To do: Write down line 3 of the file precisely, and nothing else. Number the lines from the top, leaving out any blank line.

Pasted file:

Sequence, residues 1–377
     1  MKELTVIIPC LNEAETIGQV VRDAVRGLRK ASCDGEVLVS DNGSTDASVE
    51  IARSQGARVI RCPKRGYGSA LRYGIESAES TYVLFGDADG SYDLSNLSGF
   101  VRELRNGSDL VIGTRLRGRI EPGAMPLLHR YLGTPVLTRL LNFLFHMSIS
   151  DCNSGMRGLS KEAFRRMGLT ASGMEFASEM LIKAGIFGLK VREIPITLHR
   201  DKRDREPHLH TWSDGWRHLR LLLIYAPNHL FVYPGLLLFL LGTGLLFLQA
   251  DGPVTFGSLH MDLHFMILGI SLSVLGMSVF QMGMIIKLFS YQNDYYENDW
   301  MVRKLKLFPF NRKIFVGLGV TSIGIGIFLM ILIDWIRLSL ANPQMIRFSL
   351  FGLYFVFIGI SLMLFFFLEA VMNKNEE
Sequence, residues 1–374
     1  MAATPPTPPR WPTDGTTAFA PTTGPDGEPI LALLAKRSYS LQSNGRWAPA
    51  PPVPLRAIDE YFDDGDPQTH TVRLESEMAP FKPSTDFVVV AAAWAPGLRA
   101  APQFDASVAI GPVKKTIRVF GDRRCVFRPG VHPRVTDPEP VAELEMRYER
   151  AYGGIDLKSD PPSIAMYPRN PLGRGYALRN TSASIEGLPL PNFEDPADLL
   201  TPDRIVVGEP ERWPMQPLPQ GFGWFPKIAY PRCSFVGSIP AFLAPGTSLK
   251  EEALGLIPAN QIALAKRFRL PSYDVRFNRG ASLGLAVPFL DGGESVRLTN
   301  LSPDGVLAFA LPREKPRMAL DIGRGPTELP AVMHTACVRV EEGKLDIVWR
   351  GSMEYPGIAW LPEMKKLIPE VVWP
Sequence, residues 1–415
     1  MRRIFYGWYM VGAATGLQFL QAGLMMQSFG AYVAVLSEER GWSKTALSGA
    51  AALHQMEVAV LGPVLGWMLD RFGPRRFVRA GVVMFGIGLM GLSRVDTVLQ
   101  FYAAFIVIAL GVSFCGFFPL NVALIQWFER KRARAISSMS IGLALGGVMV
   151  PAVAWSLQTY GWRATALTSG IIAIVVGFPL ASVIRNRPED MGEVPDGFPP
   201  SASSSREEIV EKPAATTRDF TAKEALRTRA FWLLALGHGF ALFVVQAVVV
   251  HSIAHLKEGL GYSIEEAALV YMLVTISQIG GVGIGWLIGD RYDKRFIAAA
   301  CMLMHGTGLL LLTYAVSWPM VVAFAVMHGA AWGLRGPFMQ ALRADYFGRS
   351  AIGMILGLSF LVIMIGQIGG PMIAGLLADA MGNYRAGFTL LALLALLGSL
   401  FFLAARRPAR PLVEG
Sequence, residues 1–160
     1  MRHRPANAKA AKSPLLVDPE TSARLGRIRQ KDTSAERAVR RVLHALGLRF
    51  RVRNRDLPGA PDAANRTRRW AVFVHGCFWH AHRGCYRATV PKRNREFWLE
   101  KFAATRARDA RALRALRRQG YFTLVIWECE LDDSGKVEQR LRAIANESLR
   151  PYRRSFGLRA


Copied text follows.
    51  IARSQGARVI RCPKRGYGSA LRYGIESAES TYVLFGDADG SYDLSNLSGF